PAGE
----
Selling Out by Dan Wakefield

The Tennessean, August 18, 1985, page 10-F.

SELLING OUT. By Dan Wakefield. Little, Brown. $16.95.

‘Hollywood Novel’ As Good as Dead
Even a Talented Dan Wakefield Fails To Bring Genre New Life

Reviewed by JOHN BETHUNE

In 1948 Evelyn Waugh committed murder.

In that year he published The Loved One and so killed the Hollywood novel.

It has been dead ever since.

This is not to say that Hollywood novels haven’t been written since—and by the dozens. But they are, in varying degrees of cleverness, mere simulacra, ruddy corpses that walk and talk but lack the vital essence: anything new to say.

Like the rest of its cohorts, Dan Wakefield’s Selling Out is no Lazarus, despite its virtues. It is an amusing novel, decently written and reasonably truthful.

The author’s essential generosity and good spirit would make any novel a comfortable and appealing diversion. Yet for all its virtues, Selling Out is hollow at the core.

This is an ironic criticism to level at Wakefield, for it is precisely the emptiness of the Hollywood mentality that he is attacking in his novel.

He knows his target well: He created and wrote the short-lived but much-praised television series “James at 15.” He resigned from the series in 1978 after NBC executives would not allow James to use the word “responsibility” as a synonym for birth control.

No one can fault Wakefield for taking his revenge in Selling Out.

The protagonist of the story is Perry Moss, a college professor and serious writer of sophisticated short stories who is lured to Hollywood to write a “quality” television series—and that’s all the plot you need to know.

The rest is not silence, alas, but 300 pages elaborating the obvious.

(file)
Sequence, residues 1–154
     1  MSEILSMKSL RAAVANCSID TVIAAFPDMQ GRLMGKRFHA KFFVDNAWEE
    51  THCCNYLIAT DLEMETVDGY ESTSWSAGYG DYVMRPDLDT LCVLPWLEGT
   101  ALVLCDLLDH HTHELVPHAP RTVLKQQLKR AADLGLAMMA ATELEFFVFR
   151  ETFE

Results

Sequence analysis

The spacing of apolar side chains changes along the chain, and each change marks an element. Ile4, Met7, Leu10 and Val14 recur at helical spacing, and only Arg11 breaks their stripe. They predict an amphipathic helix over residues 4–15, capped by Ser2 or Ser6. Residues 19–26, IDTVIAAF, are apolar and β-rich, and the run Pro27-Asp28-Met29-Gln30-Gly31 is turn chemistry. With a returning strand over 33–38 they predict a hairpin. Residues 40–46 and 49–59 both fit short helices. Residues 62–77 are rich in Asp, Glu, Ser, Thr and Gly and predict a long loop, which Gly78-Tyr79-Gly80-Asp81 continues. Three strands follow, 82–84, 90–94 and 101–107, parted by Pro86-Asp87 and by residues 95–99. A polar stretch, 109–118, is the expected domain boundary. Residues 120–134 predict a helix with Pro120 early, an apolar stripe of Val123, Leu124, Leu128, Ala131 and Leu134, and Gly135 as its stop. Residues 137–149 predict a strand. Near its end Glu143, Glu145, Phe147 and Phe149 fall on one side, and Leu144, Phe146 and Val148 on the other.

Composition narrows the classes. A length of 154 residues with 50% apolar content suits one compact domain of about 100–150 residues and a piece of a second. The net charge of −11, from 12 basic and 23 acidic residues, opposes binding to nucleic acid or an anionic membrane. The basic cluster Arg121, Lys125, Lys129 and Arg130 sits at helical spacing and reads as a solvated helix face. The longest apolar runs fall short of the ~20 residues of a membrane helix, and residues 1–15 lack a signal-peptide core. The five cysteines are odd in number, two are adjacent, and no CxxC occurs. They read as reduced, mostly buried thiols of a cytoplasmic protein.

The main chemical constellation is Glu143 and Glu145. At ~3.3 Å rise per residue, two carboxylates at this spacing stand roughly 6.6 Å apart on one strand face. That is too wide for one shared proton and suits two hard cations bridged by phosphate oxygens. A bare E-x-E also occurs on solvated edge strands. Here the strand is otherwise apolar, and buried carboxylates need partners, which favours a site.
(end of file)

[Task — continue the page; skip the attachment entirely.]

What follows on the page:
Wakefield conks his head against this hard fact at the very start of the novel, but somehow ignores the consequent lump.

Perry’s colleagues, he writes, “harrumphed and glowered and trotted out the tired old clichés about what Hollywood did to people (as if the place itself were some malevolent force, a form of infectious disease), capped by the old chestnut about poor Scott Fitzgerald meeting his early demise because of ‘Hollywood.’”

The problem is both Perry and his colleagues are right. These objections to Hollywood are clichés, but, as Perry discovers, they are also true.

The novel, as a genre, is obliged to tell the truth, but that alone is not enough. It must also, as its name promises, tell us something new. Over this hurdle Selling Out fatally stumbles.

If Wakefield’s novel had a less formidable ancestry, it might seem more substantial. But neither writer nor reader can responsibly ignore The Loved One and its equally brilliant predecessor, Nathanael West’s The Day of the Locust.

Between them, these two masterpieces exhausted the possibilities of the Hollywood novel.

West and Waugh exploded the myth of Hollywood that made their novels necessary.

Wakefield might well agree in the abstract, but in this novel he treats his hero, his readers and, I think, his former self, as if they were like those midwestern tourists one sees padding up and down Hollywood Boulevard in bermuda shorts, looking for another Lana Turner in Schwab’s Drugstore, but finding only the mannequins in Frederick’s of Hollywood.

We know better, and so do those tourists. There are often good reasons for indulging in unfulfilling experiences (why else would we watch TV?), but we generally know what we’re missing

One could do worse than be a reader of Selling Out. But while it is rather healthier for one’s mind than watching television, it isn’t much more satisfying.

Many better novels, some of them by Dan Wakefield, are waiting to be read. Why not try one of them instead?

John Bethune is a Sewanee, Tenn., free-lance writer.